While people throughout the country finish their Thanksgivings leftovers and anticipate further festive fare, some see the season as a time to reflect on the less fortunate.
Charitable organizations throughout the United States traditionally step up fundraising efforts during the weeks leading up to Christmas. The money such organizations as the Salvation Army raise during their seasonal fund drives are often used to buy food for people who would otherwise not be able to afford a Christmas dinner.
But food insecurity is not just a seasonal problem. According to a September 2017 study by the United States Department of Agriculture (USDA), 40 million Americans were food insecure, including 12 million children. The USDA defines food insecurity as a lack of consistent access to enough food for an active, healthy life.
“One of the challenges that we confront in battling hunger is that many Americans believe that the hungry are exclusively on distant shores,” said Claire Babineaux-Fontenot, chief executive officer of the hunger relief organization Feeding America, in a Nov. 27 article in USA Today. “We also sometimes think that we know what hungry people look like. But the truth is that there are people struggling with hunger in every single county in the United States. The hidden face of hunger could be a coworker, an elderly neighbor or a classmate.”
Major resources for combating food insecurity in Tazewell County are the Midwest Food Bank and the Peoria Area Food Bank. Midwest Food Bank has divisions in Morton, Peoria and Bloomington-Normal, as well as locations in Arizona, Florida, Georgia, Indiana, Texas, Haiti and Kenya.
“We serve food pantries and large agencies,” said Carol Jankowski, Midwest Food Bank – Morton executive director. “We do not serve individuals. We’re sort of that middle step between a large food manufacturer and a pantry.”
Midwest Food Bank – Morton serves 25 agencies in Tazewell County and Midwest Food Bank – Peoria serves 308 agencies in Illinois, Missouri, Kentucky and eastern Iowa. Peoria Area Food Bank supplies food and grocery products to a network of 80 pantries, soup kitchens and homeless shelters in Tazewell, Peoria and Mason counties.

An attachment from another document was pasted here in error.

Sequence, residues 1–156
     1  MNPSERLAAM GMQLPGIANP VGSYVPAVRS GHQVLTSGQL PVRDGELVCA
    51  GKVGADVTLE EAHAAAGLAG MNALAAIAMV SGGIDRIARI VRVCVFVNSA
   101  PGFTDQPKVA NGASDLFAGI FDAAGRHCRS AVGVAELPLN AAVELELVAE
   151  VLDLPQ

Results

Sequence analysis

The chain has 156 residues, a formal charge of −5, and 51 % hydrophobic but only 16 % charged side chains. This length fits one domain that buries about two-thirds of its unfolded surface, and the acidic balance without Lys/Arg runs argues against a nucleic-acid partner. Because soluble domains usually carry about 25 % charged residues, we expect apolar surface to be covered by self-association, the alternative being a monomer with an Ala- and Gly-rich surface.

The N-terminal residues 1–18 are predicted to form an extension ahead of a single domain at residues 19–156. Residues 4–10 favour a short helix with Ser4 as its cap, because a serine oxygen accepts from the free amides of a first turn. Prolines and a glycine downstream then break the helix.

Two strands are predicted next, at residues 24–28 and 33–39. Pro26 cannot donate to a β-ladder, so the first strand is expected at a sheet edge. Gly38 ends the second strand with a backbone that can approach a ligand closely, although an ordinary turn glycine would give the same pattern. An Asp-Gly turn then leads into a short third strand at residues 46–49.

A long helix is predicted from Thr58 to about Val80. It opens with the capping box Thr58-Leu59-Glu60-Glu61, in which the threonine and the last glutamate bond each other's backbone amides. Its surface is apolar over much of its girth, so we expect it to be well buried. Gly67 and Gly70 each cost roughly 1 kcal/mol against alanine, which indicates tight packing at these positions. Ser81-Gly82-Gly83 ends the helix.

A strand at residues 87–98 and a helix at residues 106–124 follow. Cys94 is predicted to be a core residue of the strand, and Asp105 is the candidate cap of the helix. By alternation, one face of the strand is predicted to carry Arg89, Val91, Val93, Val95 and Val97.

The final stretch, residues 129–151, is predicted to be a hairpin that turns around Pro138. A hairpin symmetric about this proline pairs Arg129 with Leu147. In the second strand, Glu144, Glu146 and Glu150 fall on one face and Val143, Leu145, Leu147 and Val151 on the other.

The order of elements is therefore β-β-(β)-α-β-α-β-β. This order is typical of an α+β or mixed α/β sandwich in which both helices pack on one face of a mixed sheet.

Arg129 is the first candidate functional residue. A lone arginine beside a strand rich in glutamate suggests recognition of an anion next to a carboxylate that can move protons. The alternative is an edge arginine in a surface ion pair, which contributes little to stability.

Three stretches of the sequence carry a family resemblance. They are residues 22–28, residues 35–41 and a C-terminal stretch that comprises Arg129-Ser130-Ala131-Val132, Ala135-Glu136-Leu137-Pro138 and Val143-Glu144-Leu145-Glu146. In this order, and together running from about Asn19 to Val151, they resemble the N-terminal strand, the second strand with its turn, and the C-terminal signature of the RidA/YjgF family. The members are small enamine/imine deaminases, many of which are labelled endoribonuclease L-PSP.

“In 2018 so far, we’ve given out more than 1,800,000 pounds of food,” said Wayne Cannon, Peoria Area Food Bank manager. “The need is great. It’s easy to talk about the person who may have lost a job when you think about who might need help from a food pantry for short-term purposes. But there are also people with developmental issues who might not quite know how to handle their money. Or people who are under-employed might never have enough food to feed their families, even though they work 30 to 40 hours a week.”
Pekin Salvation Army relies on both Midwest Food Bank and Peoria Area Food Bank.
“What the Salvation Army tries to do in the different communities we’re in is fill the gaps,” said Rich Draeger, Salvation Army Tri-County development director. “If someone comes to us homeless and needing a place to stay, we try to find them a place to stay. But we also want to work hard at keeping them in their homes. That might be as simple as helping with utility payments or helping with food.”
A recent change that the Pekin Salvation Army’s food pantry has made is in its method of food distribution, Drager added. Instead of passing out pre-made parcels, the Pekin Salvation Army allows individuals and families to pick out the items that best suit their needs.
According to statistics from Feeding America, food insecurity in the United States has been trending downward in recent years. In 2014, the percentage of the U.S. population was 15.4. That number declined to 13.4 percent in 2015 and fell to 12.9 percent in 2016. The food insecurity rate in Illinois has steadily fallen from 12.9 percent in 2014 to 11.7 percent in 2015 to 11 percent in 2016. Tazewell County’s food insecurity rate has been consistently below that state average: 10.9 percent in 2014, 10.4 percent in 2015 and 9.7 percent in 2016.
“I don’t think the need for food from pantries is growing,” said Paula LaFond, administrative director of the Morton-based food pantry Community Harvest. “I think it’s been pretty stable in the past five years. In 2008, 2009 and 2010, the need grew because the economy was worse. We haven’t had as much demand because more people are getting jobs.”
Jankowski believes that donations from large food manufacturers have consistently kept food banks abreast of community needs over the years.
“In Morton, we receive two semi (18-wheeled truck) loads of food a week,” she said. “In turn, we distribute that to the agencies we serve. We obviously couldn’t do what we do without donations of food. But more importantly, we couldn’t do the scope of work we do without the volunteers who are here in our facility every day. As an organization, we had 175,000 hours of volunteer work this year. Volunteers are critical to our mission.”
National and regional food insecurity numbers appear to be trending steadily downward, donations that generally keep up with demand, and community volunteerism are encouraging developments. However, the lack of reliable access to nutritious, affordable food will always be a concern, said LaFond.
Feeding America determined that there is an annual food budget shortfall of $21,122,544,000. Illinois’ food budget shortfall is $669,207,000 per year and Tazewell County’s annual food budget shortfall is $5,984,000.
“There’s always a need. There’s always going to be a need,” said LaFond. “You’ll always have the poor, the young, the elderly, the jobless and the mentally ill who are going to be vulnerable to food insecurity. We, as a society, need to take care of our own.”